After my sketch, I headed east through Tunnels # 7 and 8 and into the snow sheds that hugged the mountainside down past Donner Lake and into Truckee. The snowsheds are now abandoned and are now canvases for mountain/ urban artists.

The snowsheds where the brainchild of Stanford and despite their cost, were essential to keeping snow off the line during the massive snow falls that are almost a seasonal tradition in these parts. Think: Donner Party. The first sheds were built of wood.

Snowsheds looking east where now a stream instead of trains now runs.


The China Wall of Donner Pass

The construction of the Central Pacific Railroad from Sacramento over the Sierra Nevada Mountains, would not have been possible without the thousands of Chinese laborers that gave their blood, sweat, and lives to the construction of the railroad. The workers, at their highest number, was 12,000, making the Chinese the largest work force on America at the time.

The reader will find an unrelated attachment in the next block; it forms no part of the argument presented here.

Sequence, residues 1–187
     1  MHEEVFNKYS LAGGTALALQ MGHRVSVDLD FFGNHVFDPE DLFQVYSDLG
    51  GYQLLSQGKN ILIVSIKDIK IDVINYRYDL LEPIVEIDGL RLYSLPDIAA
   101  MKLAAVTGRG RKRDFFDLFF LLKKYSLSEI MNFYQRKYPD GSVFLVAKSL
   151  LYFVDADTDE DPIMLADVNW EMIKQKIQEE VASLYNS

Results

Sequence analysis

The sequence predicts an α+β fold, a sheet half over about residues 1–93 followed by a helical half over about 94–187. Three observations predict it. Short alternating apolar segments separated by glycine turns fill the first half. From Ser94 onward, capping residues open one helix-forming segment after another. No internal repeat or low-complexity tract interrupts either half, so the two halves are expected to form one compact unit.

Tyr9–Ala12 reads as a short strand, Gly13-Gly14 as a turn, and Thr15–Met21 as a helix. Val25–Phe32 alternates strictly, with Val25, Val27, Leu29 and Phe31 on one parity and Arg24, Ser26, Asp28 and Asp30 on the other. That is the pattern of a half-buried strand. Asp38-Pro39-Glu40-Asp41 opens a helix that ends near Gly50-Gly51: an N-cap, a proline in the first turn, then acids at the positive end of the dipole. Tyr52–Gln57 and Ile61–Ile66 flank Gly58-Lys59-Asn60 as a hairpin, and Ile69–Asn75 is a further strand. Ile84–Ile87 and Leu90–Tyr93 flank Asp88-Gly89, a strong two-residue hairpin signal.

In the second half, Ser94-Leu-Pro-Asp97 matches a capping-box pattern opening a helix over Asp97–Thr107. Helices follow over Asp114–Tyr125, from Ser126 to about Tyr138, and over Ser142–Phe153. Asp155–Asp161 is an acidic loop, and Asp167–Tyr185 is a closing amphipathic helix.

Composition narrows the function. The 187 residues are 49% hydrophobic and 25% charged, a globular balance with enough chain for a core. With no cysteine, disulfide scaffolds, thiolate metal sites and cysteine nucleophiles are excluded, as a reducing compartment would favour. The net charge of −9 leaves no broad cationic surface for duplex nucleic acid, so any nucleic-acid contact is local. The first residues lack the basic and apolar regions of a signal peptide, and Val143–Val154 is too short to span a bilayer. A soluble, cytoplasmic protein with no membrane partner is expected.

Many lost their lives to explosions, extreme cold, and avalanches. The Central Pacific Railway never kept records of Chinese fatalities, the true toll will remain a mystery to history.

On the the Old Donner Pass Road (Highway 40), just past the Rainbow Bridge, is the historical marker, “China Wall of the Sierra”. Looking just beyond the marker, a quick scramble up the hill, is the granite wall that holds up the roadbed between Tunnels #7 and 8. I sat on a bench of granite and sketched the wall from below.

The wall, which was built in 1867, was created to fill in a ravine and is 75 feet high. It is a testament to the workers, that after 150 years later the wall is still intact.

The upper China Wall on the right and the entrance to Tunnel #8 looking east along the now abandoned railroad bed.

An eastbound Union Pacific freight train at Norden, near Soda Spring Ski Resort. Around Donner Summit, the mainline has now been double tracked to the south of the original route of the Transcontinental Railroad. This stretch of iron was built by the Central Pacific which later became the Southern Pacific and then the SP merged with the Union Pacific on September 11, 1996.